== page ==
Cover: Allocation of Public Sector Resources in Medical Care : An Economist Looks at Health Planning.

Allocation of Public Sector Resources in Medical Care : An Economist Looks at Health Planning.

Published 1970

by Joseph P. Newhouse

Purchase Print Copy

 Format Price
Add to Cart Paperback12 pages $20.00

Discusses the problem of determining the appropriate allocation of resources within health; such is the usual problem of health planning. The paper points out why the market may not lead to a theoretical optimum; that is, why health planning may be necessary. Health planning, as it is often conceived, attempts to determine the best allocation of medical resources, where best is defined as that allocation which is most efficacious for health. This approach makes two errors: first, the effect of nonmedical inputs on health is ignored; second, the effect of medical inputs on things the consumer desires other than health status is ignored. 12 pp. Ref.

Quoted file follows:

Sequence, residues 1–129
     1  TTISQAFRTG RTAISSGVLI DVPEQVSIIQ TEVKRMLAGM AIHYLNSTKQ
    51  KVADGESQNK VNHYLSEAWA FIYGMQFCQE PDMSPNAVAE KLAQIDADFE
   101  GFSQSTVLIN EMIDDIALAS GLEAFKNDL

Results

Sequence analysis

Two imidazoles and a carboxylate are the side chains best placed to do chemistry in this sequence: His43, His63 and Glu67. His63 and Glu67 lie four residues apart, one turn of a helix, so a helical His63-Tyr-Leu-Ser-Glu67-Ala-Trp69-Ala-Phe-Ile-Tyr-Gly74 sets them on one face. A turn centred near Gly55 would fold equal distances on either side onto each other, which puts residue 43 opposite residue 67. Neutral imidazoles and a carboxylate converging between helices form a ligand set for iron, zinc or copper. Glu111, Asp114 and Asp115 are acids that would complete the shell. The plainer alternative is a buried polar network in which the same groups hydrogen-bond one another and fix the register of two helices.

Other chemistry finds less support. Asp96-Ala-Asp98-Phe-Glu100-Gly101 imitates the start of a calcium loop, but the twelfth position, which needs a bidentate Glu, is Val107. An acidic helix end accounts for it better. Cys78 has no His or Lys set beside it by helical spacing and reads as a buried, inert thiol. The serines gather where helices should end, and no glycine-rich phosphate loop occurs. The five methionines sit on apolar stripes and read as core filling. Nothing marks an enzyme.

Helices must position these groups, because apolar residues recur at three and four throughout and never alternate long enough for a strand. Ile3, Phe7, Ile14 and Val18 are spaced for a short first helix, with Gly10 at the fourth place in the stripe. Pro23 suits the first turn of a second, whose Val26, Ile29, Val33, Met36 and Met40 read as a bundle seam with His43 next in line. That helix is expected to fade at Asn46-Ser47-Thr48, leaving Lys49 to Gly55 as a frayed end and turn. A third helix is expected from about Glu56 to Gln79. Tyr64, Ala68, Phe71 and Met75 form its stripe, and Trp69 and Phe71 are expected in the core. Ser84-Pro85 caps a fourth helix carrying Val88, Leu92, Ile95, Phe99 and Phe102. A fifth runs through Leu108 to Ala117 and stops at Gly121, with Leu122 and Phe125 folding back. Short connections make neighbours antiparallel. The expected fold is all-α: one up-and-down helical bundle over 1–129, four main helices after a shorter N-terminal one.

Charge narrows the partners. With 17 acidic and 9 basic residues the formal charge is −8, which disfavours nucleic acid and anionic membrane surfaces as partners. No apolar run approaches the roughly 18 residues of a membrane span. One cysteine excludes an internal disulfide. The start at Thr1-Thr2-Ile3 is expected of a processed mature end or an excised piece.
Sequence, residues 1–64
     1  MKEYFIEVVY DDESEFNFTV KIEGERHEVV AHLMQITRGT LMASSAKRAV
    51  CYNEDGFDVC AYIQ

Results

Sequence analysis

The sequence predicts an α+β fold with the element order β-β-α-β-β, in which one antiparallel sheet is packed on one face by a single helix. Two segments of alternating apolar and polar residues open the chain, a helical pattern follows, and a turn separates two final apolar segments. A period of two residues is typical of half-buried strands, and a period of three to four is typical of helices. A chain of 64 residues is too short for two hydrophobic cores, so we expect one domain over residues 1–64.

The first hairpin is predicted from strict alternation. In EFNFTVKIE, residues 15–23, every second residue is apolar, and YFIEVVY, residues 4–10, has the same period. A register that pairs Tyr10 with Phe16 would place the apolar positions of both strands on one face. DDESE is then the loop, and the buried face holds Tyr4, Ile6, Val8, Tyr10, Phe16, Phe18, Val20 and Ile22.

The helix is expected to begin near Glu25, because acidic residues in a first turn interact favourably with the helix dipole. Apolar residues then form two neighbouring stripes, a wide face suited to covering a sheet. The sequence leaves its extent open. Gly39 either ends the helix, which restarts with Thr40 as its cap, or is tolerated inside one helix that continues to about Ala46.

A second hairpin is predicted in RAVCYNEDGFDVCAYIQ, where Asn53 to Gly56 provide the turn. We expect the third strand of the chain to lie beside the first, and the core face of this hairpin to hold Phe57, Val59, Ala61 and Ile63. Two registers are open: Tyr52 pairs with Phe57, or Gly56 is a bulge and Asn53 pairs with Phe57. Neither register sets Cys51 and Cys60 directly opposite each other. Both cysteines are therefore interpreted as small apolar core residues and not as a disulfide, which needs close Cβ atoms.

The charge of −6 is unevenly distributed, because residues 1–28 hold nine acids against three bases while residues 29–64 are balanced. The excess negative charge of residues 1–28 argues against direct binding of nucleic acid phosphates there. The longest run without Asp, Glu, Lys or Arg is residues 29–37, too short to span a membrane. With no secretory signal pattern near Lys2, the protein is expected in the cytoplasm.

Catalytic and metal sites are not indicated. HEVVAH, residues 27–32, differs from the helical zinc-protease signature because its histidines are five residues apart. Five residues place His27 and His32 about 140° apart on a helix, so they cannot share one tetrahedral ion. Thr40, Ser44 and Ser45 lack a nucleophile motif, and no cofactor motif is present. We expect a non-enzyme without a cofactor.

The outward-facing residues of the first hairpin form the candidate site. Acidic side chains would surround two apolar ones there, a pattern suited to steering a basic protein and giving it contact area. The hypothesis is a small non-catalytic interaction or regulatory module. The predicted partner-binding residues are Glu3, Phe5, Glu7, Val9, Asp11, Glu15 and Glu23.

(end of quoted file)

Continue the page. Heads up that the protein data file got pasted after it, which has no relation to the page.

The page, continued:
This report is part of the RAND paper series. The paper was a product of RAND from 1948 to 2003 that captured speeches, memorials, and derivative research, usually prepared on authors' own time and meant to be the scholarly or scientific contribution of individual authors to their professional fields. Papers were less formal than reports and did not require rigorous peer review.

This document and trademark(s) contained herein are protected by law. This representation of RAND intellectual property is provided for noncommercial use only. Unauthorized posting of this publication online is prohibited; linking directly to this product page is encouraged. Permission is required from RAND to reproduce, or reuse in another form, any of its research documents for commercial purposes. For information on reprint and reuse permissions, please visit

RAND is a nonprofit institution that helps improve policy and decisionmaking through research and analysis. RAND's publications do not necessarily reflect the opinions of its research clients and sponsors.